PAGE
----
● Espanola Public Schools, Homebound Services, Espanola
● Gerard's House, Santa Fe
● Santa Fe Public Libraries, All Locations
● New Mexico Autism Society
● Rio Arriba Independent Libraries, Rio Arriba County
● Rio Arriba County Health Department, Rio Arriba County
● Community Art Closet, Santa Fe Place Mall
● Christus St. Vincent Regional Cancer Center serving families from Riberia, Questa, Taos, Las Vegas and Santa Fe.
During the next year, the Children’s Museum anticipates distributing 20,000 Grab-and-Go Kits to rural and Tribal communities throughout the state.
For more information, visit www.santafechildrensmuseum.org.
- By Hannah Hausman, Santa Fe Children's Museum
Sugar and spice. A female child. A maiden. What does it mean to be a girl in today’s modern world? Having passed through the rocky terrain of girlhood myself, and further, as the mother of two young women, I find the subject to be an intimate and important one.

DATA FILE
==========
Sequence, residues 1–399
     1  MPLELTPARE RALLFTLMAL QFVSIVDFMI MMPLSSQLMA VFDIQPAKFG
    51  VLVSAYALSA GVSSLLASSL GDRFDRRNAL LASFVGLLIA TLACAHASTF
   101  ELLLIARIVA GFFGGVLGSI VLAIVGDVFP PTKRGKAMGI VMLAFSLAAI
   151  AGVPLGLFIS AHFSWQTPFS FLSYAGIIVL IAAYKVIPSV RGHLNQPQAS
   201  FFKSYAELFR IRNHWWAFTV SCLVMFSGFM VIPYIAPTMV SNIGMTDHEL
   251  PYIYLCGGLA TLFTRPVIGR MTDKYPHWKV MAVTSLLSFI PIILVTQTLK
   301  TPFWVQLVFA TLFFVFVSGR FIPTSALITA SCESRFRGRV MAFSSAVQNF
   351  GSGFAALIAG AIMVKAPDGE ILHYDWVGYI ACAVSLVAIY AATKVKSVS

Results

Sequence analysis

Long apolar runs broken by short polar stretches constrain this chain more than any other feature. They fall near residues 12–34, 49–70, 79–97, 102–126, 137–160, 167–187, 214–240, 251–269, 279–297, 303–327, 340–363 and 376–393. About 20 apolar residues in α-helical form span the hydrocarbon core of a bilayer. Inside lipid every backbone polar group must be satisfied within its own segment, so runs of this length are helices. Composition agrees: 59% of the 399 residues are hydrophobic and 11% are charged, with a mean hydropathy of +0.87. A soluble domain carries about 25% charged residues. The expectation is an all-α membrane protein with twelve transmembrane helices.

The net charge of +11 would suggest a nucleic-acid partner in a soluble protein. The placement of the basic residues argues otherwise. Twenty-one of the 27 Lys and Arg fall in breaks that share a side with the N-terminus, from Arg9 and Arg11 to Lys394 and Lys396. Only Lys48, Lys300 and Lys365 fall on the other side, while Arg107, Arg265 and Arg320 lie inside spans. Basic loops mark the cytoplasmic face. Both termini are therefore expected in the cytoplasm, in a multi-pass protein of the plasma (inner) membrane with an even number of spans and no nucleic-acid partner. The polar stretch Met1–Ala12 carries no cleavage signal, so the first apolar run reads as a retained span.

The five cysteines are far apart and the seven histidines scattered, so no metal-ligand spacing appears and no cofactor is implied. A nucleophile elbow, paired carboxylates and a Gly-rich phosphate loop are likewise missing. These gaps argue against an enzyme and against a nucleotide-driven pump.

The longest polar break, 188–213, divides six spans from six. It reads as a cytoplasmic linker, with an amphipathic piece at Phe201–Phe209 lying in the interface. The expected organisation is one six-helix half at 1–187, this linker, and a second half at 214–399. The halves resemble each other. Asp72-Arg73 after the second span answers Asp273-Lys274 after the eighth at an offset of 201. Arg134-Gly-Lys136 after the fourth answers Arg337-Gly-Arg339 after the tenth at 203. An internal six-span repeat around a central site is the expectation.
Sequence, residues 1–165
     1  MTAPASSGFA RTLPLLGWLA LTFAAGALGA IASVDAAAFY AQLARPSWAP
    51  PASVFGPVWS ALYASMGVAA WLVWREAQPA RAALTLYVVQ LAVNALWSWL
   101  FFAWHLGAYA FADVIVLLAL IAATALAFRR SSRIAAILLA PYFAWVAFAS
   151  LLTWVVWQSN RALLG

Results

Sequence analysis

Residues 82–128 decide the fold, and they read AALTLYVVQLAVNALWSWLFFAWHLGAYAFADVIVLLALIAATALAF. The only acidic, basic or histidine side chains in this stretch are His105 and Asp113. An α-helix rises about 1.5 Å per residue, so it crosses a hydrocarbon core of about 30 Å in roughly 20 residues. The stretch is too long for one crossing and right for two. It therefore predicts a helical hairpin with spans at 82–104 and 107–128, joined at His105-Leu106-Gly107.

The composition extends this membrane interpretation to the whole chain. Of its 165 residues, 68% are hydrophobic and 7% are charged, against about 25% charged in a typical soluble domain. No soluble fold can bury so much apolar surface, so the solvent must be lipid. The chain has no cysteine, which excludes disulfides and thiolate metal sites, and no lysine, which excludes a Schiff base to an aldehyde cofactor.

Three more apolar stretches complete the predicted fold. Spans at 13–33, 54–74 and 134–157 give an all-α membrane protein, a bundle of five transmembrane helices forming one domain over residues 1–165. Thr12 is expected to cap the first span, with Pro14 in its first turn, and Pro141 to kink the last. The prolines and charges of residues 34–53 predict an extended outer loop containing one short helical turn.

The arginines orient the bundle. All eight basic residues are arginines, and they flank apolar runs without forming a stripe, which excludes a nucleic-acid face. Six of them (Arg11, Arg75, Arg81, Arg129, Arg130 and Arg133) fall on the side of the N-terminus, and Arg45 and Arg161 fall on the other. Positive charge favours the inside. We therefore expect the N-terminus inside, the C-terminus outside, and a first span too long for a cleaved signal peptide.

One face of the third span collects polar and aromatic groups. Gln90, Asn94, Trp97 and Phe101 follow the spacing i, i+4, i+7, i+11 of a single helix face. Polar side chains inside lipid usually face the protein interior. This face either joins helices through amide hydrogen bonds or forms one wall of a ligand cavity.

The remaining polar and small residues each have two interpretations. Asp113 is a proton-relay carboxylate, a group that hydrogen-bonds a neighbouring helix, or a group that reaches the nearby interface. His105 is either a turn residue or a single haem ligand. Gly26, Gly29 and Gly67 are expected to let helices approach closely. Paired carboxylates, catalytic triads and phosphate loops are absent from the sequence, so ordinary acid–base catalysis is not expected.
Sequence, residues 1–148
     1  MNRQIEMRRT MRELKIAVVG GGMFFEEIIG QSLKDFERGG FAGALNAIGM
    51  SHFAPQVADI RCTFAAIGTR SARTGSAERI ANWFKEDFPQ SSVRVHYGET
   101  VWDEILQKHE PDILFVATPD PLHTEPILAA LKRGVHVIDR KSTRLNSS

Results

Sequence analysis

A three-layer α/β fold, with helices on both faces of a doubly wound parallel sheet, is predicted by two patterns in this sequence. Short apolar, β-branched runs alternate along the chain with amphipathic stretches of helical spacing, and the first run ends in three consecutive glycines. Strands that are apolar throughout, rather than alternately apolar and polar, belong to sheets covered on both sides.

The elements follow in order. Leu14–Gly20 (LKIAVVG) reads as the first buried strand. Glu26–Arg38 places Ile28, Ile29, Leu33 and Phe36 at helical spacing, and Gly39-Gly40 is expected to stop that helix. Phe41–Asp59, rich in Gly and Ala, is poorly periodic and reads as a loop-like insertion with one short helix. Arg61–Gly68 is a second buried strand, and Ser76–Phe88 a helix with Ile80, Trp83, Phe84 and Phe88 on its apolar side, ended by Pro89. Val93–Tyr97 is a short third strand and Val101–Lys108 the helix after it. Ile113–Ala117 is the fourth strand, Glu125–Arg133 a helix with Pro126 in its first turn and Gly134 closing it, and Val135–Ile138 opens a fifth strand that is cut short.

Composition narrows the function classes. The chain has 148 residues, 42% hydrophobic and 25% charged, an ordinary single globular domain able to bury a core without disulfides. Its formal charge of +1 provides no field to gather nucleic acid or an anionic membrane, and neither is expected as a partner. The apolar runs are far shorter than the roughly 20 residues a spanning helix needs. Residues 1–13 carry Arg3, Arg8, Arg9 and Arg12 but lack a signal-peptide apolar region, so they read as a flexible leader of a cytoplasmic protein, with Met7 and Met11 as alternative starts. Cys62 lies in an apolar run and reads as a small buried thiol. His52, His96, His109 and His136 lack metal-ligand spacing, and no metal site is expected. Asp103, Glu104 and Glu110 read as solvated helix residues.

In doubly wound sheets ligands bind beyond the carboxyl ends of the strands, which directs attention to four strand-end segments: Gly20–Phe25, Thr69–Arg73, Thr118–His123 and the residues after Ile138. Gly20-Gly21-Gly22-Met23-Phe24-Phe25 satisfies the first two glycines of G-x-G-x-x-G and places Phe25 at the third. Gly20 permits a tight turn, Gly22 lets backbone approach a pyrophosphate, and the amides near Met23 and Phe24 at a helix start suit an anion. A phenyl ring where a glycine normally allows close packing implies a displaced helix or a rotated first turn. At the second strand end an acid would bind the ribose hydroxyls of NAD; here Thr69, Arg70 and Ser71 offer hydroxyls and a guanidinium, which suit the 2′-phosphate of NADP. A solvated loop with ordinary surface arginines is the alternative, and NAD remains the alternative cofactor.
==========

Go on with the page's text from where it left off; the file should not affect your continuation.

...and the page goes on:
This project is my celebration of a new, more complex feminine iconography. Part fantasy, part allegory, these are the stories of growing womanhood...based on strength in the face of adversity, perseverance in the face of injustice, and grace in the face of prejudice. Throughout, there is a sense of place and the tension between setting roots down, and breaking free of expectation. We mark the twin values that marry the power of a female gaze with the force of a female life.
This show is a jumping off point for a deeper exploration of the allegory and iconography of humanity by exploring different sexes, different sexual orientations, and different seasons of life. My next pieces will be centered around boyhood, and titled, Once Upon a Boy.
On March 28, 2008, Darin “Bear” Cadman had what he described as the worst day of his life.
He was driving his family to church in Missoula, Montana, early that morning when a car slammed into his pickup truck.